This type of material is what is used on most modern cars as its top coat over a base color. A lot of people leave their cars out in the elements all the time and the clear coated color often outlasts the mechanics of the car.
Although most manufacturers use a baking system in production the repair industry has several clear coats available to it for respray work. The top of the range ones are ceramic based and offer great resistance to scratching and several luxury makes stipulate it be used to repair their cars.
A normal 2 pack clear of this type has UV protection and if you can't buy it in small quantities a body shop should be able to sell you a small amount, especially if you provide some containers for it.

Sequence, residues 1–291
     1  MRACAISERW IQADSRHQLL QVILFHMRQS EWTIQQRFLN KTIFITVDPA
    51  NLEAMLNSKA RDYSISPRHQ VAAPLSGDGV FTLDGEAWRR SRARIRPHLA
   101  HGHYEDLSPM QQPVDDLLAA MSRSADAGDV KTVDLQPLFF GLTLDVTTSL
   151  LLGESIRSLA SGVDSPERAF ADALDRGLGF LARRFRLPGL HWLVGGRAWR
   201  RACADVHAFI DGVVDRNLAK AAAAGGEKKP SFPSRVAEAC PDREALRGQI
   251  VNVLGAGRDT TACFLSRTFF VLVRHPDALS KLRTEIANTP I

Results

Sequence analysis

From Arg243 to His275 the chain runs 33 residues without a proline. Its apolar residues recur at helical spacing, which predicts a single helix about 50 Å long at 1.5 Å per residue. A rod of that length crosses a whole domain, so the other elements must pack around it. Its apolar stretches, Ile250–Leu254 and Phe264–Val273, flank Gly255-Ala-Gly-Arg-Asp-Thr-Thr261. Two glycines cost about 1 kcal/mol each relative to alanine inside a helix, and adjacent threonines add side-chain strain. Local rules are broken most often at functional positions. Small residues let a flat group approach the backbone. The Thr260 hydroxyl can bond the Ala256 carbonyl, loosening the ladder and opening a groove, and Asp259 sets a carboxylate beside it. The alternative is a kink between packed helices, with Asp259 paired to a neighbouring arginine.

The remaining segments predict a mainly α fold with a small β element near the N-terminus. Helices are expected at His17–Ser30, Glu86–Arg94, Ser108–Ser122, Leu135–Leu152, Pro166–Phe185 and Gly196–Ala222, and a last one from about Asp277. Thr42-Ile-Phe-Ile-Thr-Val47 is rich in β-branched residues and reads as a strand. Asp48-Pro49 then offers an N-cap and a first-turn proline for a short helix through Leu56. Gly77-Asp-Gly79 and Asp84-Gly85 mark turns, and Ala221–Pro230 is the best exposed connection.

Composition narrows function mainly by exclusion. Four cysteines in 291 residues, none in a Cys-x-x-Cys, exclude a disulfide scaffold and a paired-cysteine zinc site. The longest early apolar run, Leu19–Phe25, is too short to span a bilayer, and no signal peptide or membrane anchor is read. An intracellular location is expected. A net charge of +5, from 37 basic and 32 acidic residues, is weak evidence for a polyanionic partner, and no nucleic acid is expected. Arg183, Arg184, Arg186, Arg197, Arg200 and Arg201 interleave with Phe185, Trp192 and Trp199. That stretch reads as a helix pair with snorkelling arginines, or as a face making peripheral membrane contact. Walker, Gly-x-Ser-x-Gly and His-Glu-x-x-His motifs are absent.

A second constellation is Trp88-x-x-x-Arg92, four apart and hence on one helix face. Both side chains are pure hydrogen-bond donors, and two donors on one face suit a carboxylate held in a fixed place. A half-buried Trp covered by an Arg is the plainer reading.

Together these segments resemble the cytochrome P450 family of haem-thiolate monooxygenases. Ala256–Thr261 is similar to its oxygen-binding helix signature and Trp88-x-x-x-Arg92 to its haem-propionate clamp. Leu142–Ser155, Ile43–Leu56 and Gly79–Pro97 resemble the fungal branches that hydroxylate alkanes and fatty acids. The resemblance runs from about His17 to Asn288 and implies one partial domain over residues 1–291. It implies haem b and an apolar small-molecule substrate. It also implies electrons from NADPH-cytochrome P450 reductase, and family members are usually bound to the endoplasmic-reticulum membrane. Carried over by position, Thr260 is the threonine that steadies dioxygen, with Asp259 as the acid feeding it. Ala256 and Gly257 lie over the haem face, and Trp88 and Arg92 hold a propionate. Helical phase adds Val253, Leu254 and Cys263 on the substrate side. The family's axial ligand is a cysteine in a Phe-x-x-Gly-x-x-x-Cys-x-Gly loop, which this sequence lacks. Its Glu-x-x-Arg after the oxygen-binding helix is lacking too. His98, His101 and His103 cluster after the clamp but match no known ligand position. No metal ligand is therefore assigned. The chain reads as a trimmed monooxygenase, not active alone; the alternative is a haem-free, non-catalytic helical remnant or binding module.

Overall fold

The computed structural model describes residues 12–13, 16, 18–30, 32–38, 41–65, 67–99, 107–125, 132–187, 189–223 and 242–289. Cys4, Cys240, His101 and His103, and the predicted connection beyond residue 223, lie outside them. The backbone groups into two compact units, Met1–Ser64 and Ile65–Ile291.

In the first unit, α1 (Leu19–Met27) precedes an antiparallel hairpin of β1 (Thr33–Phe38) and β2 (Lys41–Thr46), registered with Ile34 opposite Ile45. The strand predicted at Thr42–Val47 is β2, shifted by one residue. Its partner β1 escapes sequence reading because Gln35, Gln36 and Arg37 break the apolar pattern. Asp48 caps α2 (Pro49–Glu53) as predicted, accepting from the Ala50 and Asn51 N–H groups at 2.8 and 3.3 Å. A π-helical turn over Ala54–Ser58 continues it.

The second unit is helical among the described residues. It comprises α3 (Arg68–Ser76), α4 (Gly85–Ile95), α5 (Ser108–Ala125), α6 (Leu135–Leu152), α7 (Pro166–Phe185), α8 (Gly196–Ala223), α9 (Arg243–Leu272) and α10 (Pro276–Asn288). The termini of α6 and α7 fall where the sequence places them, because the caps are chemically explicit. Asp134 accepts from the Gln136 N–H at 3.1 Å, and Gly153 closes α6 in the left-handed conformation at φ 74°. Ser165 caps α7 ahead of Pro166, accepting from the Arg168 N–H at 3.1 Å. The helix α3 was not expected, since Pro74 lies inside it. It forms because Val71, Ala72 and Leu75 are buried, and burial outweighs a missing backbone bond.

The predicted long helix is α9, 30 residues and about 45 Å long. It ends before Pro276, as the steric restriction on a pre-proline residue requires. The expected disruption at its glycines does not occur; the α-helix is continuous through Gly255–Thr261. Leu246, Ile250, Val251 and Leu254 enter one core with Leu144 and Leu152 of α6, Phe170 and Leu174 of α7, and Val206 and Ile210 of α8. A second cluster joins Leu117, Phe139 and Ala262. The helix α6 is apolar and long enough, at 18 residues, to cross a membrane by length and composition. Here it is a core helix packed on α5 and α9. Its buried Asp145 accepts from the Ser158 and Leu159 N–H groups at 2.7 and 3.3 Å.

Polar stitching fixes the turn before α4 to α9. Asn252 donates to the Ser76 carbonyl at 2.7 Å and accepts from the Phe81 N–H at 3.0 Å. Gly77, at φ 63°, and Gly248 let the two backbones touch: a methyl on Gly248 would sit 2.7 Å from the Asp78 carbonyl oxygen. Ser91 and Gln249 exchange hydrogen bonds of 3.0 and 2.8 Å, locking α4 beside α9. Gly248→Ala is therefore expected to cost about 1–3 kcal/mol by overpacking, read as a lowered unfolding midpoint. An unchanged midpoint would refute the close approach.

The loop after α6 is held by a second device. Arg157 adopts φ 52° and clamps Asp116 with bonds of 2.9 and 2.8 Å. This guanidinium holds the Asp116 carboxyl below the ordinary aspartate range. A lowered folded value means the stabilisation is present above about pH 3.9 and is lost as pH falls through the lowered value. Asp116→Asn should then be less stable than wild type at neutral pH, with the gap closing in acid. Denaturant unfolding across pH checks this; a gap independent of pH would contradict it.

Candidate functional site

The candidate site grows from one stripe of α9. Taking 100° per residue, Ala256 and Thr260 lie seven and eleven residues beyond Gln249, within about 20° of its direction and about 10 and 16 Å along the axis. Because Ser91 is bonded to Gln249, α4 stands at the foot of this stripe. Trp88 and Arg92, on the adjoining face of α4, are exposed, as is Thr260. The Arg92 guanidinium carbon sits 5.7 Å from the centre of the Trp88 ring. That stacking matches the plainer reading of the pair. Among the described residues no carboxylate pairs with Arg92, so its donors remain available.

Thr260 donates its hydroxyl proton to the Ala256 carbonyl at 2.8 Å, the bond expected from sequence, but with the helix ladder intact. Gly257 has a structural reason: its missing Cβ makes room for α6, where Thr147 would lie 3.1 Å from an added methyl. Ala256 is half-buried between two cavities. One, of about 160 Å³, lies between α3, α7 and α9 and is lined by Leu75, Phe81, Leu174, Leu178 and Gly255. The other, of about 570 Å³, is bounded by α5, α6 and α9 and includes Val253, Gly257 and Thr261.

I usually only get about a I/2 pint of the clear, you need a smaller amount of the hardener depending on the brand ( it may be 2:1, 3:1, 4:1 etc) and usually a small amount of thinner is also required. If you have a small spray gun and other equipment application takes slightly longer to do than a spray can, (mixing, clean up after)
My Town Car has numerous small brass parts, 10 years or more is possible with this type of clear. Any part which gets hot (radiator , gas lamps oil lamps ) forget the clear all of them quickly fail.
The Kamper has a manufacturers plate which I was able to get a copy of which is on the side of the body it has a protective coating on it of Urethane clear. Its been on there 17 years and I expect it to outlast me.